Benign prostatic hyperplasia
(also called BPH) is a condition
that affects the prostate gland
in men. The prostate is a gland
found between the bladder
(where urine is stored) and the
urethra (the tube urine passes
As men age, the prostate gland slowly
grows bigger (or enlarges). As the
prostate gets bigger, it may press on
the urethra and cause the flow of urine
to be slower and less forceful.
Most symptoms of BPH start gradually.
These symptoms can be caused by
other things besides BPH. Tell your
doctor if you have any of these
symptoms, so he or she can decide on
the tests to find the possible cause.
BPH is extremely common. Half of all
men over 50 develop symptoms of
BPH, but only 10 percent need medical
or surgical intervention.
Is BPH a type of cancer?
No. BPH is completely benign.
It is not a precursor (a forerunner)
to prostate cancer.
After taking a history of your symptoms, a rectal exam is the next step. In a rectal exam, your doctor checks your prostate by putting a gloved, lubricated finger into your rectum to feel the back of your prostate gland. This allows him to feel the size of the prostate gland and especially assess for hard lumps which may indicate cancer.
To make sure that your prostate problem is benign and not cancer, your doctor may do a blood test called PSA or prostatic specific antigen.
What are the consequences of BPH?
Mild cases usually have no consequence to life. If the enlargement gets moderate, symptoms related to difficult urination become troublesome. In severe cases, a sudden inability to urinate may require an immediate visit to a doctor to insert a urine tube or catheter into the urethra to drain out the urine.
Even if BPH sufferers manage to pass urine, some amount of urine may be left behind, which easily gets infected, making moderate to severe BPH sufferers prone to urine infections.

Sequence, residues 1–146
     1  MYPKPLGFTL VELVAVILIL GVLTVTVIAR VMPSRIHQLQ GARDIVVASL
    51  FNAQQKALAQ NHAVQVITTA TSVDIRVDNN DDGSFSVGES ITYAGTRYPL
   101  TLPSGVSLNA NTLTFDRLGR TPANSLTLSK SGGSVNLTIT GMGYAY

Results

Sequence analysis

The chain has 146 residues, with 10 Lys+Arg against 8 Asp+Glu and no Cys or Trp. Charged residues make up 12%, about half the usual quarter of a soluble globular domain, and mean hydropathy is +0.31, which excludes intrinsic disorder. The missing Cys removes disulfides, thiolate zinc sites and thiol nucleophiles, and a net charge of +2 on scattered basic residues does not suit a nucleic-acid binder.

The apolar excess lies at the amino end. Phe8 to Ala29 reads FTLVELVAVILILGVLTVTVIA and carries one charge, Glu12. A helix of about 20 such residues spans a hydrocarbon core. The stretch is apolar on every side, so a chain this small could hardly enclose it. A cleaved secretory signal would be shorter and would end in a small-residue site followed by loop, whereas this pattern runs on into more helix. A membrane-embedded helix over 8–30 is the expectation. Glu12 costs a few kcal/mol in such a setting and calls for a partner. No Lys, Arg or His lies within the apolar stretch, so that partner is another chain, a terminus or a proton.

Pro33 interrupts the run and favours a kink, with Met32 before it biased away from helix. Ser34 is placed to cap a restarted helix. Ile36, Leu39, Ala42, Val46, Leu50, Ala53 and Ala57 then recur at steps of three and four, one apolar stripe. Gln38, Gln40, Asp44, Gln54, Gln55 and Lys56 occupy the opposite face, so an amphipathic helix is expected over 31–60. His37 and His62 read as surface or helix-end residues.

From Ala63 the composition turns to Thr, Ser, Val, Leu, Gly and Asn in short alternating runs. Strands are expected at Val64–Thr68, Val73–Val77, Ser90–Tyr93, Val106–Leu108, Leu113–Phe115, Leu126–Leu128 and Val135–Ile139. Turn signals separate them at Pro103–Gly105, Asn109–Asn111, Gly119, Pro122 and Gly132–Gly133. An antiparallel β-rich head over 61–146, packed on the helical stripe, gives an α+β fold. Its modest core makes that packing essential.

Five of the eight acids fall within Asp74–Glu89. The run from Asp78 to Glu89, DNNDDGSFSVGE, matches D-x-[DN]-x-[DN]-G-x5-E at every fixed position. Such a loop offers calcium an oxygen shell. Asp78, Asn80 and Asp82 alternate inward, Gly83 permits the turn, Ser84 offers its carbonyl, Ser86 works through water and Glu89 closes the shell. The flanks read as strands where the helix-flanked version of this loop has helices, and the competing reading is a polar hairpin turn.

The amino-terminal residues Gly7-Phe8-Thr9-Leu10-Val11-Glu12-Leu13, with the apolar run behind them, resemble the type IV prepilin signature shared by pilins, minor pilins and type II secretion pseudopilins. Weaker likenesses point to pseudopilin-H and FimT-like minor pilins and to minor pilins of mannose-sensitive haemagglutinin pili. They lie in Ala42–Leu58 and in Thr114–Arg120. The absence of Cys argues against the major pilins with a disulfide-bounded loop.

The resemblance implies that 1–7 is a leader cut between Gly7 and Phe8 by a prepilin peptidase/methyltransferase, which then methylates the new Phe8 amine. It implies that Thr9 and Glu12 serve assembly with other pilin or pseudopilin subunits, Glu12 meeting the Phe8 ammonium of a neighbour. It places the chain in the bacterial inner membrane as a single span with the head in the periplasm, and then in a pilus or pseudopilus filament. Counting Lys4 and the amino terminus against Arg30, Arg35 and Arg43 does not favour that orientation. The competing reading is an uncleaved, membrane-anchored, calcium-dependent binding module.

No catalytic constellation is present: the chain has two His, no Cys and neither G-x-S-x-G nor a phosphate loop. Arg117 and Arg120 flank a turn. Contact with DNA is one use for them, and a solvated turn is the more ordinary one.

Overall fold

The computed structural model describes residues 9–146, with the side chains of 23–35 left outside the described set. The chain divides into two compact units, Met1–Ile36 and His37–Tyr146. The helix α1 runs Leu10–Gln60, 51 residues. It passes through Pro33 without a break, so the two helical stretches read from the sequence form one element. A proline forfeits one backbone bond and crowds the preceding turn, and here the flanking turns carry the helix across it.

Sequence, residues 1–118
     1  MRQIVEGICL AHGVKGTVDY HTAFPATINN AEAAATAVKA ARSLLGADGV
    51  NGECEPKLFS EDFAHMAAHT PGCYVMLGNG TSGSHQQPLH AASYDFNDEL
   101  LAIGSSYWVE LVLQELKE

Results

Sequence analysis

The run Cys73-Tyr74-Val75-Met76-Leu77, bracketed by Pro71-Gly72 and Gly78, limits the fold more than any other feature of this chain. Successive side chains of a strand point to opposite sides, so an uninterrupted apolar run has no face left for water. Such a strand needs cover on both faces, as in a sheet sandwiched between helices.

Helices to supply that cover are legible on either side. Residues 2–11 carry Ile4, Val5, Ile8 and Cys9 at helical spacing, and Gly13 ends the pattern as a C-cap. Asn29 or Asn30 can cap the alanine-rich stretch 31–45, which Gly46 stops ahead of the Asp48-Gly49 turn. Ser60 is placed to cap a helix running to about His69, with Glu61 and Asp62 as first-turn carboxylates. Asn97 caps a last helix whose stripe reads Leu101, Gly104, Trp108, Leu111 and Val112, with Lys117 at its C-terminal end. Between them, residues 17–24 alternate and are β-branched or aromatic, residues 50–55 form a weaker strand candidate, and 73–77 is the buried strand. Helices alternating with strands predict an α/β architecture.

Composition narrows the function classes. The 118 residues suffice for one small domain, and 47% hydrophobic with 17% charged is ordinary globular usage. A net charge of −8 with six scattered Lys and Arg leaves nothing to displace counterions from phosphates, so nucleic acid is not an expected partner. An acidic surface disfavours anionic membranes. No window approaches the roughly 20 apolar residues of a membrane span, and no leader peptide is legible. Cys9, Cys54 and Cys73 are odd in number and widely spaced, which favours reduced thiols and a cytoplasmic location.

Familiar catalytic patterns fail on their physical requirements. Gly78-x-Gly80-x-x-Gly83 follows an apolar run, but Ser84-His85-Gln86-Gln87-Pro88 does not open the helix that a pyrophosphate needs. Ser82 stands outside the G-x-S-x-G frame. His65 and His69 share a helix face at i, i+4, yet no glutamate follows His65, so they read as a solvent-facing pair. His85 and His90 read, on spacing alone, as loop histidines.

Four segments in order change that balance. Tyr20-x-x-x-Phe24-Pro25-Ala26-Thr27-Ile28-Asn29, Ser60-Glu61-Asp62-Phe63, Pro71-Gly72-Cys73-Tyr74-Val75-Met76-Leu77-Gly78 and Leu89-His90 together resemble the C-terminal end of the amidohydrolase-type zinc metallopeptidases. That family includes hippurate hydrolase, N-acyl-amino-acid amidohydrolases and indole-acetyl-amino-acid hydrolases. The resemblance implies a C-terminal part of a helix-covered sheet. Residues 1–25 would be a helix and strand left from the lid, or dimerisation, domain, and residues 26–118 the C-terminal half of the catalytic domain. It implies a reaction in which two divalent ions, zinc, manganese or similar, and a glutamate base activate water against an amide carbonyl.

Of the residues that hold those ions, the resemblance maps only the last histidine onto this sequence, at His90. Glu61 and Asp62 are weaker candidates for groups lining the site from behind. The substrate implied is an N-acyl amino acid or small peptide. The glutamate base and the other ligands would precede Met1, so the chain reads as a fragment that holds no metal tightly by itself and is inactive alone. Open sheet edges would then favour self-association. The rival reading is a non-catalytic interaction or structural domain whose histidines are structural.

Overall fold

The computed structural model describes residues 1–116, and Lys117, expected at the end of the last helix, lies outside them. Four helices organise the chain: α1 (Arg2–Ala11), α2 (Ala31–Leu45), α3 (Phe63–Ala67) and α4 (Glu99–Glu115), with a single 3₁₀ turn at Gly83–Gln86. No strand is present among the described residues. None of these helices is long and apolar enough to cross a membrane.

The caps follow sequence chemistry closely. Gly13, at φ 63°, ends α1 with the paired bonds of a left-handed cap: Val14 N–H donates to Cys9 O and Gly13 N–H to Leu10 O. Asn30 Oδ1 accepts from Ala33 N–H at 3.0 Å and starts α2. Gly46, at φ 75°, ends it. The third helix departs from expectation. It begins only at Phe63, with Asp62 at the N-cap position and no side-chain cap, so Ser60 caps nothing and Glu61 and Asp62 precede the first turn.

Sometimes mild symptoms get better on their own. Many people believe that a healthy lifestyle and diet with less processed foods rich in fibre, fruit, vegetables will cause the prostate to enlarge less, by decreasing oestrogens and increasing testosterone levels both of which affect prostate size. Some herbal products like saw palmetto are even available commercially. In any case, it is always good to adopt a healthy lifestyle whether these measures make a noticeable difference or not.
If your symptoms get worse, your doctor may suggest drug treatment.
Finasteride and dutasteride block conversion of testosterone to dihydrotestosterone, which makes the prostate enlarge.
The side effects of finasteride are rare and mild and usually affect sexual function. The side effects cease when the medication is stopped. The prostate may enlarge again when the medicine is stopped, so your doctor may suggest another treatment.
Another kind of medicine, called
alpha-blockers, can also help relieve
the symptoms of BPH. Alpha-blockers
have been used for a long time to treat
high blood pressure, but they can
also help the symptoms of BPH, even
in men with normal blood pressure.
Some of these drugs are terazosin,
doxazosin, tamsulosin and alfuzosin.
The side effects of alpha-blockers
include dizziness, fatigue and
lightheadedness due to lowered blood
pressure. Doctors therefore start with a
low dose first.
How can a Urologist help me in
further treatment of BPH?
A referral to a urologist (a surgeon
of the urinary-genital system) may
be neccessary to explore surgical
A urologist will perform an ultrasound
exam of the prostate by inserting a
well-lubricated probe into the anus.
This will measure the size of the
prostate gland, check for cancer if
suspected and assess the need for
surgery. Biopsy of the prostate is
done though the rectum if cancer is
A urologist can also perform an
ultrasound of the bladder to see how
much urine is retained after urinating,
due to the obstruction by the prostate.
One treatment option is a minimally
invasive treatment. Most of these
treatments use heat such as
microwave or laser to destroy prostate
tissue applied through the urethra.
Surgery is considered the most
effective treatment and is used in
men with symptoms that persist
after other treatments are tried. This
is also the best way to diagnose and
cure early cancer of the prostate.
Surgery is usually done via a
tube passed through the urethra,
thus leaving no abdominal scars
(Transurethral resection of prostate
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